First time in ‘400 years’, Hyderabad not to see historic Bibi ka Alam procession this Muharram
Hyderabad: Perhaps for the first time in over 400 years, there will be no traditional “Bibi ka Alam” procession on 10th of Muharram in Hyderabad.
With the Telangana High Court on Thursday refusing permission for the annual event in view of Covid-19 pandemic, the old city of Hyderabad will miss the historic procession taken out every year on ‘Yaum-e-Ashura’ or 10th day of Muharram.
Thousands of Shia Muslims take part in the procession every year to mark the martyrdom of Imam Hussain, the grandson of Prophet Muhammad, in the battle of Karbala in 681 A.D.
With religious gatherings remained banned under the Covid guidelines of the Union Ministry of Home Affairs, the court refused to give permission for the procession.
“Yaum-e-Ashura’ is scheduled to be observed on August 30.
‘Bibi ka alam’ (standard) is carried on a caparisoned elephant as the procession with hundreds of self-flagellating mourners pass through parts of the old city including historic Charminar while thousands of people, standing on either side of the procession route, pay their respects.
The leaders of Shia community had urged the Telangana government to allow the procession and had even moved the court. Shia leaders say the tradition was being followed for over four centuries and hence demanded that the authorities allow them to continue this.
Bibi ka Alam is said to contain a piece of the sacred wooden plank on which Syeda Fatima, the daughter of Prophet Muhammad and mother of Imam Hussain, was given her final ablution before burial.
It was said to have been brought from Iraq to Hyderabad during the Qutub Shahi period.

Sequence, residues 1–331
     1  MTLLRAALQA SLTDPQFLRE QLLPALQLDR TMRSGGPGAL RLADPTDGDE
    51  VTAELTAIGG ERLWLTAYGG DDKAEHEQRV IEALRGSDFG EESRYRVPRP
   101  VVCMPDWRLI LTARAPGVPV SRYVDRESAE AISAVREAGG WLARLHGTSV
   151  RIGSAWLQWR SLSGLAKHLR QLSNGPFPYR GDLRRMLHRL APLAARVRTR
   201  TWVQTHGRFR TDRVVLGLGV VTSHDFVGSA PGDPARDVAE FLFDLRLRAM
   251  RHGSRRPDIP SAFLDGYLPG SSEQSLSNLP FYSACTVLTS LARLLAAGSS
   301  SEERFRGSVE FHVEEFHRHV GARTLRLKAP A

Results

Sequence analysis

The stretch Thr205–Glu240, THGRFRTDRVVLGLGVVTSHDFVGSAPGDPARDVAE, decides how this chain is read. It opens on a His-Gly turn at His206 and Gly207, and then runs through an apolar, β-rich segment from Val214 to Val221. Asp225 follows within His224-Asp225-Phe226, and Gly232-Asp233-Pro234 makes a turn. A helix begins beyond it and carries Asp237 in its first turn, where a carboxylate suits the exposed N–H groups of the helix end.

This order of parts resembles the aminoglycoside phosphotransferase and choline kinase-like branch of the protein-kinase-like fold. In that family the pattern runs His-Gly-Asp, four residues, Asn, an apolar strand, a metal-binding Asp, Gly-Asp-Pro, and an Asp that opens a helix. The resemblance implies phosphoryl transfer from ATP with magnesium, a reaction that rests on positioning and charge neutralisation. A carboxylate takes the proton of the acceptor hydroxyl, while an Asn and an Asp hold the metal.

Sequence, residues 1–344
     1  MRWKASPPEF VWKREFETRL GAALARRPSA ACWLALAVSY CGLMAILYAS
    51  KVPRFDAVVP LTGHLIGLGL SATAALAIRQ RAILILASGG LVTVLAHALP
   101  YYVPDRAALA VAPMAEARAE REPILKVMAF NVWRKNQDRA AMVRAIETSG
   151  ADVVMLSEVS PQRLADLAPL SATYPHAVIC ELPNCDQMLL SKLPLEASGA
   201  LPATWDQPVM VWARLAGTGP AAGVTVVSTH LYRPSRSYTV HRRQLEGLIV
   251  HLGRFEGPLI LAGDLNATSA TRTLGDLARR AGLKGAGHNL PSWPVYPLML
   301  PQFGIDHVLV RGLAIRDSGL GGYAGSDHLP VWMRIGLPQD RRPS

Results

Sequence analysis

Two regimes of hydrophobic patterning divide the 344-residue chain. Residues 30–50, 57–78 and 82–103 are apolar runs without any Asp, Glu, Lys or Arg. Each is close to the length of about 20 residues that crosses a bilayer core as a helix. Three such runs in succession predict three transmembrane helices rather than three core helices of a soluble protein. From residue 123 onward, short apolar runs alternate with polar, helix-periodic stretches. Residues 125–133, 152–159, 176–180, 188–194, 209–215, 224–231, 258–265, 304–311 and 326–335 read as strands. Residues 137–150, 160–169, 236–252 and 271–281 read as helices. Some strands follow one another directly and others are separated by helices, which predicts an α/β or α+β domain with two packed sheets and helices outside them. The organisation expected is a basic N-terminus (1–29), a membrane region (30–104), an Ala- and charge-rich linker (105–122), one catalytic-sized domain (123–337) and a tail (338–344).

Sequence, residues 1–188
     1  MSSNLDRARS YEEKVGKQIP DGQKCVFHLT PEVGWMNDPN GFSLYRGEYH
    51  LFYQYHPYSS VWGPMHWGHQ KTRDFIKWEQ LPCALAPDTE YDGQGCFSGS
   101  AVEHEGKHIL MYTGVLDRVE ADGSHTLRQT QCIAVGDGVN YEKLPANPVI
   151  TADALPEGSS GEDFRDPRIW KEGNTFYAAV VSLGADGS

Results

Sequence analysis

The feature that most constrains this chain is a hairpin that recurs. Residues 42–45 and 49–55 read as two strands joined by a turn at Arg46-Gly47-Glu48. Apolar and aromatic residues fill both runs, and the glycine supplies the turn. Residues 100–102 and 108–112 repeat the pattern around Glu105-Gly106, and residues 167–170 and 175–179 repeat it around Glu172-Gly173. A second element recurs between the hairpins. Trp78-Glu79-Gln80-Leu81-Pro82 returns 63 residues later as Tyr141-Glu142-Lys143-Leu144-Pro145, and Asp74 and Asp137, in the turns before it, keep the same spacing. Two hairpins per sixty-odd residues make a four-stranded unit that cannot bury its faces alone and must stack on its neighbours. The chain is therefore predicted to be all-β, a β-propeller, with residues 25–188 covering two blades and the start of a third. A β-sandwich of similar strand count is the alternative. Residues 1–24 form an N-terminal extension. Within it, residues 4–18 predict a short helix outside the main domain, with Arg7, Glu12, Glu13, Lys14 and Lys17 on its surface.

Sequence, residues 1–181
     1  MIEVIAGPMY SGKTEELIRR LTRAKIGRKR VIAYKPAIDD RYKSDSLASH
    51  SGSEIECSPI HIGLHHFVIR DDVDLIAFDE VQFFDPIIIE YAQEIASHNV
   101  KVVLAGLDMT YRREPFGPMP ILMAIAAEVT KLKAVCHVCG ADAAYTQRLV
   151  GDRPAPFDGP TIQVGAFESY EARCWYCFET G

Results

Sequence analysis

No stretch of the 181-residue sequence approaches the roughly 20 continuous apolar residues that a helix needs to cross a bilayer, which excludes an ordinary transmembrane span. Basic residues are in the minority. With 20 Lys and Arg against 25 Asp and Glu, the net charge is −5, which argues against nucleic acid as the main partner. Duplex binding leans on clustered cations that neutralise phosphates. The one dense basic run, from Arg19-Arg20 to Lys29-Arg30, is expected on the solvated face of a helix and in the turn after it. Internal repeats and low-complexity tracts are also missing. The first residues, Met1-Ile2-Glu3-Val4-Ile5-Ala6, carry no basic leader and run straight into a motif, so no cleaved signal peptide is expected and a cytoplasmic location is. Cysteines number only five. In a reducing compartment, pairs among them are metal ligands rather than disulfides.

The court, however, permitted carrying out of the alam on the condition that only 12 people will accompany it.
“I have filed an affidavit in the court, submitting 12 names. The alam will be carried in a vehicle and not on elephant,” said Maulana Syed Waheeduddin Hyder Jaffery.
He said the court made it clear that a procession can’t be taken out. It asked Hyderabad Police Commissioner Anjani Kumar to ensure that the conditions laid down by the court are followed by the organisers.
“If the court order is violated, the Police Commissioner will be authorised to take action,” he said.
The Shia leader appealed to the community members to do ‘matam’ (mourning) in ‘ashur khanas’, or community spaces where Shia Muslims gather for mourning during Muharram, or at their respective homes.
Installation of alams at ashur khanas will be allowed and people are being permitted to make the offerings while maintaining social distancing.
Telangana has 11,866 ashur khanas, majority of them in Hyderabad. Some of these were built by Qutub Shahi rulers.
The Badshahi Ashurkhana, the oldest in Hyderabad, was built in 1594 by Mohammed Quli Qutub Shah, three years after the construction of Charminar, the symbol of Hyderabad.
At a meeting called by Telangana’s Minorities Welfare Minister Koppula Eshwar to discuss Muharram arrangements early this month, Shia leaders and legislator belonging to the All India Majlis-e-Ittehadul Muslimeen (AIMIM) had demanded that the centuries old tradition should not be disturbed.
The officials, however, argued that the procession with elephants may attract large gathering.
Last month, the authorities had not permitted Bonalu procession in the city in view of the Covid protocol.
Every year, the traditional Bonalu procession is taken out on a decorated elephant, carrying ‘ghatams’ of Goddess Mahankali from Akkanna Madanna temple.
As no permission was given for gathering of devotees, people celebrated the festival at their homes. Five persons from the temple carried the ‘ghatam’ in an auto-rickshaw from the temple and performed the annual rituals.